The chicken or the egg dilemma: intestinal dysbiosis in multiple sclerosis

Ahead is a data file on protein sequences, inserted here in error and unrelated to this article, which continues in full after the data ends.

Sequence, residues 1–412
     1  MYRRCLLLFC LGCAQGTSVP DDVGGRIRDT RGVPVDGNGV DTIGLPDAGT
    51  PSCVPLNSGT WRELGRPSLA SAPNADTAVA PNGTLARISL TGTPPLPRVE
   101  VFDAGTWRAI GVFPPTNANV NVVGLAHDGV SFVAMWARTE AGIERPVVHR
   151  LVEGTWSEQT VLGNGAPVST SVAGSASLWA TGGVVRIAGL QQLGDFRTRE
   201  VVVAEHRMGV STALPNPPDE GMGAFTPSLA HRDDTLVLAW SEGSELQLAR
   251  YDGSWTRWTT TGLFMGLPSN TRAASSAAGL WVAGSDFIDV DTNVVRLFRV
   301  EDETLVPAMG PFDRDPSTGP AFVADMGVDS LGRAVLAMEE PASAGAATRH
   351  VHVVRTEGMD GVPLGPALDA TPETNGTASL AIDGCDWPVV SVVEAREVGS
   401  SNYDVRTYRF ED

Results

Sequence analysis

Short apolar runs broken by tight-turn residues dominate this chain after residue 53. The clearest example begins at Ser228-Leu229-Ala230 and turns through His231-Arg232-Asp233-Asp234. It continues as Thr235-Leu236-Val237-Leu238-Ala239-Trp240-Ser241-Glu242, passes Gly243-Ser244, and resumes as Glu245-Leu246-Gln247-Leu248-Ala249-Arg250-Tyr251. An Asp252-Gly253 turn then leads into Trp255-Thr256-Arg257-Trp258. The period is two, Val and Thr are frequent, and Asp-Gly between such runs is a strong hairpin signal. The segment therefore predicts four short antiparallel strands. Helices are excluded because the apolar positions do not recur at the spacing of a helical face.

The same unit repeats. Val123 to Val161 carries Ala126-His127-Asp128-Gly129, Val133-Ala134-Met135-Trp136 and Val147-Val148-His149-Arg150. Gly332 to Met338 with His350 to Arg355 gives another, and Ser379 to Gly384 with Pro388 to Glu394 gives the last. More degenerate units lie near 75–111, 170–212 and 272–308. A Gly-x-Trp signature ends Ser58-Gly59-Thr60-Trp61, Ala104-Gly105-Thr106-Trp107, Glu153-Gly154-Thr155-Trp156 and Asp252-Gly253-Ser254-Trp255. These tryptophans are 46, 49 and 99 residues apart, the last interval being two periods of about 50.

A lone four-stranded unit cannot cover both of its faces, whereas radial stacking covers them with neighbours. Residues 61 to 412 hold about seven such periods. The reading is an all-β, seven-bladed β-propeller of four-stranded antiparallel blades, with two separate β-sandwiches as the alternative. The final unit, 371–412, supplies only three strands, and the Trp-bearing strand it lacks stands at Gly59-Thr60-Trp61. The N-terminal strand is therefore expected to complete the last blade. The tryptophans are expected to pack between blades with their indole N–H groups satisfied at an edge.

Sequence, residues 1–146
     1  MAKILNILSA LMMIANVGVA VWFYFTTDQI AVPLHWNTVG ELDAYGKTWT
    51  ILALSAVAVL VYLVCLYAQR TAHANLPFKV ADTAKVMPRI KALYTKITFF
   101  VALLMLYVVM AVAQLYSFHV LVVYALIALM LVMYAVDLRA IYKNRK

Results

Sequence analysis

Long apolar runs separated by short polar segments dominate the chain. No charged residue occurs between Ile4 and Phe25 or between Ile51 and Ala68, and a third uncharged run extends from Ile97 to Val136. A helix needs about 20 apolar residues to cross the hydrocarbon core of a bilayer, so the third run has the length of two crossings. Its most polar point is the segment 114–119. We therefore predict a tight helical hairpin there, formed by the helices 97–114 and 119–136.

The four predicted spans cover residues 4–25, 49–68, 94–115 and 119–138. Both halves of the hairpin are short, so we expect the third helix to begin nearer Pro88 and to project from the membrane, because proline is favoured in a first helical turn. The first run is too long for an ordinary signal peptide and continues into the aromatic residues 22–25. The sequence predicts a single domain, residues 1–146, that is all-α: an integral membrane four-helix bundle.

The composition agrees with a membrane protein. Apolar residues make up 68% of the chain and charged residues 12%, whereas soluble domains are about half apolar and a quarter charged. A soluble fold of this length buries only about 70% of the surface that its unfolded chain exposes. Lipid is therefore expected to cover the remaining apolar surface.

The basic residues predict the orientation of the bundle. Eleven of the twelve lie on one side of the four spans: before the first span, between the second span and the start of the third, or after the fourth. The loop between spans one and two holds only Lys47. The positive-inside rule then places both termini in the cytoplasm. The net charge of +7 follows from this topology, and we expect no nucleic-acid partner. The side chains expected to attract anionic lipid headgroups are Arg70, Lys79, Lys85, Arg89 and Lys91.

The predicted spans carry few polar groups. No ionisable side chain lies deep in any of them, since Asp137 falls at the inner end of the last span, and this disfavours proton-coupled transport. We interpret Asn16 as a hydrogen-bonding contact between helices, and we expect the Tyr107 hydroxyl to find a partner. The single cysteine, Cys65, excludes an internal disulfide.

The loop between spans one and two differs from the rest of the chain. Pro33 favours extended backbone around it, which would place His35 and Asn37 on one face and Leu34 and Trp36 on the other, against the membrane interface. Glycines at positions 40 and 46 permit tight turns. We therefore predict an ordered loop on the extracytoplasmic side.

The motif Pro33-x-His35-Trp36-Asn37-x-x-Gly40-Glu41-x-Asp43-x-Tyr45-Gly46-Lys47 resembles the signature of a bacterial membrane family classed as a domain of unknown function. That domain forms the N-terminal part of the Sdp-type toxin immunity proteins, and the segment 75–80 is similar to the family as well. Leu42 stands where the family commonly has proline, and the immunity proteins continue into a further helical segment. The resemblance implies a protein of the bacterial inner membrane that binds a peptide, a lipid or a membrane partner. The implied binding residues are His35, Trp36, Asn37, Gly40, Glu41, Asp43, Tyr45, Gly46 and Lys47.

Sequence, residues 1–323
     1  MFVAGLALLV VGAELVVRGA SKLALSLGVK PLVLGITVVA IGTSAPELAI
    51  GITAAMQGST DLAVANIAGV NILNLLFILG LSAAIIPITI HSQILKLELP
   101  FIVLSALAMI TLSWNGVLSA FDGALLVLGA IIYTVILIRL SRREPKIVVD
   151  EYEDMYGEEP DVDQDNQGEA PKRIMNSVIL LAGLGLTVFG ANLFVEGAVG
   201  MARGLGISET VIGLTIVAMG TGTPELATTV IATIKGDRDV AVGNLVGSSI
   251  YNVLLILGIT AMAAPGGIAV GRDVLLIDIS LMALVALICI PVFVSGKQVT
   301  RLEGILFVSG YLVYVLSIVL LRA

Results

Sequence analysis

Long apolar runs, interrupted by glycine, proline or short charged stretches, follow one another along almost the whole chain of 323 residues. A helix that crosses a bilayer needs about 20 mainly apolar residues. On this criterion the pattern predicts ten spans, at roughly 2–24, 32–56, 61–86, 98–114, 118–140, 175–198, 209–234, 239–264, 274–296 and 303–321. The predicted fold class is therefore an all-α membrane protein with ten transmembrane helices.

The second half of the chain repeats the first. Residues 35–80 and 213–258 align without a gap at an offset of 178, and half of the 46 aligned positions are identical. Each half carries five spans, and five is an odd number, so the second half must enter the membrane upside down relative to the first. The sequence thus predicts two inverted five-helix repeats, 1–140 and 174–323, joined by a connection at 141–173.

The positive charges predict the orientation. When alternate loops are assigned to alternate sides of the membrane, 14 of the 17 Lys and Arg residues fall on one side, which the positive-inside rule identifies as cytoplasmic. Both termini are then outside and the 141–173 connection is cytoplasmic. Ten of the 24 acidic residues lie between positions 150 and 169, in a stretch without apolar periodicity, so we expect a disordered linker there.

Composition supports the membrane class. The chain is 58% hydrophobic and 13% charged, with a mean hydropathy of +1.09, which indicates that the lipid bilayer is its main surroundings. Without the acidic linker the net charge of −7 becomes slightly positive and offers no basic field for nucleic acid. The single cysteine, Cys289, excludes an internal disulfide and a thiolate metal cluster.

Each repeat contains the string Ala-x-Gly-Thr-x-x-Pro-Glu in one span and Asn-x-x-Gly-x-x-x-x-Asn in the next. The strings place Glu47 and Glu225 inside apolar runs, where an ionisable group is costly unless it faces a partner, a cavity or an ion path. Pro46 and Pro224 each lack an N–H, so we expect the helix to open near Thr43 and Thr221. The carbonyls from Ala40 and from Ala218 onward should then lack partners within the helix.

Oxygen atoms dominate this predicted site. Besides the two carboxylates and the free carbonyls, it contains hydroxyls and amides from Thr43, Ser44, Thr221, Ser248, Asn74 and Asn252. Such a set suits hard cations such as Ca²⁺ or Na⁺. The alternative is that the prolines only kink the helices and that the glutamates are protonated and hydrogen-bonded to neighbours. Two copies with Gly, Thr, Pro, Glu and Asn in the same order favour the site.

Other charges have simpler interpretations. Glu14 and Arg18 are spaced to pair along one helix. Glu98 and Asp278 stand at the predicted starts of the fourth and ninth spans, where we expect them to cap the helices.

Recent findings suggest that the intestinal microbiota of patients suffering from relapsing remitting multiple sclerosis (MS) shows changes on the relative abundances of archaeal and bacterial genera. Although the richness and overall structure of the microbiota may be similar compared to the intestinal microbiota of healthy controls, elevated and reduced frequencies suggest a dysbiotic microbiota in MS. Over the past decade experimental evidence obtained in murine models of the disease highlighted the important relevance of the microbiota in the regulation of the immune system and in the severity of the disease. More recent findings on peripheral immune cells derived from human MS patients support the initial observations that changes in the microbiota may affect immunological pathways that could exacerbate disease. However, important questions remain to be answered. For instance, it is unclear whether dysbiosis precedes disease or, if in the contrary, an autoimmune disease such as MS can lead to gut dysbiosis. In this brief discussion, we speculate about this later possibility based on findings observed in murine models of disease. Further human studies are needed to answer the dilemma and determine specific immunomodulatory pathways that could have an impact on the therapeutic approaches to treat MS.